Monday, May 25, 2015
Sunday, May 24, 2015
Saturday, May 23, 2015
Friday, May 22, 2015
Thursday, May 21, 2015
Wednesday, May 20, 2015
At the Internet Archive, we know we can’t preserve the world’s knowledge alone. We will need the public’s help to curate our shared human culture. So we are embarking on a two-year project to build a toolset and user interface that allow communities outside the Archive to save, manage and share their cultural treasures--further democratizing access to all knowledge. Citizen-archivists will be able to build collections, enhance metadata and join like-minded communities in deciding what of our history gets archived and made accessible to everyone, forever, for free.
~ Wendy Hanamura from "Knight Foundation to Support Toolsets for Building Libraries Together" ~
Monday, May 18, 2015
BinCam is a two-part system designed to increase individuals’ awareness of their food waste and recycling behaviour. It uses a standard kitchen bin augmented with a mobile phone to automatically capture and log an individual’s waste management activity. Photos are tagged using a crowd sourcing service and uploaded to the BinCam application on a social network site, which encourages playful engagement and reflection upon a user’s personal bin data. People can review and share communications about the bin-related behaviour of themselves and others.
~ BinCam website ~
Sunday, May 17, 2015
Saturday, May 16, 2015
Friday, May 15, 2015
~ Larry Sawyer from "Sundial" ~
Can I just say how much I love this line? I love it! --KK
Illustration from Bird-Lore from National Association of Audubon Societies for the Protection of Wild Birds and Animals (1899), courtesy Internet Archive.
Posted by Diane Mayr at 12:00 AM
Thursday, May 14, 2015
As a result of Title IX, and a new generation of parents who want their daughters to have the opportunities they never had, women's sports have arrived.
The attitude that existed in this 1904 illustration, courtesy Library of Congress, sadly persisted for decades longer. Click on the image to enlarge for easier reading.
Posted by Diane Mayr at 9:37 AM
Wednesday, May 13, 2015
Tuesday, May 12, 2015
Monday, May 11, 2015
Sunday, May 10, 2015
Some years ago there was a cat-concert held in Paris. It was called "Concert Miaulant," from the mewing of the animals. They were trained by having their tails pulled every time a certain note was struck, and the unpleasant remembrance caused them to mew each time they heard the sound again.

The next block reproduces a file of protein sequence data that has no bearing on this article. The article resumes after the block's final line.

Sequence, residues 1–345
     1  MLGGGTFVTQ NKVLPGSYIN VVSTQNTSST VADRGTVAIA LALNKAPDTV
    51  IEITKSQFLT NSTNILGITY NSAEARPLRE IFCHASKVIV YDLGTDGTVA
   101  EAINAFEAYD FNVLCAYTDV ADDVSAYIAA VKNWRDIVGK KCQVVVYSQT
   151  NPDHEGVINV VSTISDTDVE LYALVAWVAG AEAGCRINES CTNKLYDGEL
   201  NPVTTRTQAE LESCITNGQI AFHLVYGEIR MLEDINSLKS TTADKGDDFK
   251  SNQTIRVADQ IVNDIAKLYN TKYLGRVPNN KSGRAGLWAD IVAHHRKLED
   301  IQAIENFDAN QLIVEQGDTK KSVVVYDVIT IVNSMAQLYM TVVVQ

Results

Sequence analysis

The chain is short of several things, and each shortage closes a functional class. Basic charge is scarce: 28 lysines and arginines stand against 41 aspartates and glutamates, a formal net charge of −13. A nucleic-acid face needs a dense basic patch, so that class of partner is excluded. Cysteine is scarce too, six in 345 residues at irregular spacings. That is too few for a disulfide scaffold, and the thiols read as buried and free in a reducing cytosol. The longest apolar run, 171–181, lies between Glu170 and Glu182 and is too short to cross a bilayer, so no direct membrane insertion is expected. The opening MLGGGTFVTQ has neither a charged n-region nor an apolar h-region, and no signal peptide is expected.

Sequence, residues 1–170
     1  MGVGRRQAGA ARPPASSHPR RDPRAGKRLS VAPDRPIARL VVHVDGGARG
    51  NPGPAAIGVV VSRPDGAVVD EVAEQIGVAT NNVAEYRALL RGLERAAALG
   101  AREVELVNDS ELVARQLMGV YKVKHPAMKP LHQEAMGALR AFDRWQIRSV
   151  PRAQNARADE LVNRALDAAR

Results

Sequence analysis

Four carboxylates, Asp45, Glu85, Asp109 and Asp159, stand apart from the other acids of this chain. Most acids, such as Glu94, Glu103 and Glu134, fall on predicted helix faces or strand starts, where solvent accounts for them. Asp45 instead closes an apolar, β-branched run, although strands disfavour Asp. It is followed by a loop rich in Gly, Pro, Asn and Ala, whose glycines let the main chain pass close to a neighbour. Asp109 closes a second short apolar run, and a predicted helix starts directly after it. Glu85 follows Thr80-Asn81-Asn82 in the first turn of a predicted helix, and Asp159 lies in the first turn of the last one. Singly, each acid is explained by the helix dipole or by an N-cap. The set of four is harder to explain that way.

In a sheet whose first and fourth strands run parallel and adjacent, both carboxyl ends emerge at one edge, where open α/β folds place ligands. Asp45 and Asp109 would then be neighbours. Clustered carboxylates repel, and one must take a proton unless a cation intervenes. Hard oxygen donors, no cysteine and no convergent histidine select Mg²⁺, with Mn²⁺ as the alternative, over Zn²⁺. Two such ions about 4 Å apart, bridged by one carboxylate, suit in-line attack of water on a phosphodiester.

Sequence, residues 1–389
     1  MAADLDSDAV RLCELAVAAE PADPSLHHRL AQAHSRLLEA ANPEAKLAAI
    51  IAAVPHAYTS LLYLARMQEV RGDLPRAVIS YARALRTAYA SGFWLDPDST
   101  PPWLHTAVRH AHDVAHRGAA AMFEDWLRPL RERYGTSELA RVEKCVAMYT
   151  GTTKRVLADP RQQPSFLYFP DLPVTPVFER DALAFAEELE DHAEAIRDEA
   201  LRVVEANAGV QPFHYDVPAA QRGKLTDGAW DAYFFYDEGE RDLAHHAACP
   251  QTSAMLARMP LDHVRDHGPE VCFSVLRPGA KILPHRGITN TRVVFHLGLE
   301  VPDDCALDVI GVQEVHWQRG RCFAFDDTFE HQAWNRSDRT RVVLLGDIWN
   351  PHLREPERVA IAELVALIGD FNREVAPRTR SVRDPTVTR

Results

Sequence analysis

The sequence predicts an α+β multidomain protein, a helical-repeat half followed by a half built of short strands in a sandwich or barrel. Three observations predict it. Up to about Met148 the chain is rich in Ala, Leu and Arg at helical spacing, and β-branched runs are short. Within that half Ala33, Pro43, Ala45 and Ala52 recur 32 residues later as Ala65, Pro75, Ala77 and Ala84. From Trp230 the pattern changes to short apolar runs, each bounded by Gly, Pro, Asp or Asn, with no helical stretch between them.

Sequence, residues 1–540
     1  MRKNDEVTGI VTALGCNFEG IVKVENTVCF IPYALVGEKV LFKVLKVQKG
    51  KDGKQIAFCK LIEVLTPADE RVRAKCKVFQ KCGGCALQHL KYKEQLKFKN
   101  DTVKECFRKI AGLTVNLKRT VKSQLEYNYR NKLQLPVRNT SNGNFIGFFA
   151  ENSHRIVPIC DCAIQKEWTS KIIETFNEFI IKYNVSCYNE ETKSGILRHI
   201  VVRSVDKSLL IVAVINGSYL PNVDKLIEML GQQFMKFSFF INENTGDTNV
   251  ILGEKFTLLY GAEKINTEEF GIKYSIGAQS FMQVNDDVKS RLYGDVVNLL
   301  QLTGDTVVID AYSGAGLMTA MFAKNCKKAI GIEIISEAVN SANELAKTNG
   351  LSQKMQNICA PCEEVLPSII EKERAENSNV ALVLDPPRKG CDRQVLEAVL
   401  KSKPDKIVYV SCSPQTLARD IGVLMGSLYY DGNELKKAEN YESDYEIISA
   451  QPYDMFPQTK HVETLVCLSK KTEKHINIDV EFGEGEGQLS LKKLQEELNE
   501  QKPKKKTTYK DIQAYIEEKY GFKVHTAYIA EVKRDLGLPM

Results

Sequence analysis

~ from The Queer The Quaint The Quizzical: A Cabinet for the Curious by Frank H. Stauffer (1882) ~
"Un Concert de Chats: Le Lion Présidant une assemblée de Betes" (1862) courtesy NY Public Library Digital Collections.
Saturday, May 9, 2015
Flowers have spoken to me more than I can tell in written words. They are the hieroglyphics of angels, loved by all men for the beauty of their character, though few can decipher even fragments of their meaning.
Photo © Diane Mayr, all rights reserved.
Friday, May 8, 2015
Nothing is too small. Nothing is too, quote-unquote, ordinary or insignificant. Those are the things that make up the measure of our days, and they're the things that sustain us. And they're the things that certainly can become worthy of poetry.
Photo by Fred Viebahn, courtesy Wikimedia Commons.
Wednesday, May 6, 2015
Tuesday, May 5, 2015
Monday, May 4, 2015
Friday, May 1, 2015
Thursday, April 30, 2015
I am tired and sick of war. Its glory is all moonshine. It is only those who have neither fired a shot nor heard the shrieks and groans of the wounded who cry aloud for blood, for vengeance, for desolation. War is hell.
Image courtesy NYPL Digital Collections.
Wednesday, April 29, 2015
Tuesday, April 28, 2015
Ask yourself in the quietest hour of the night: must I write? Dig down into yourself for a deep answer. And if this should be in the affirmative, if you may meet this solemn question with a strong and simple, I must, then build your life according to this necessity.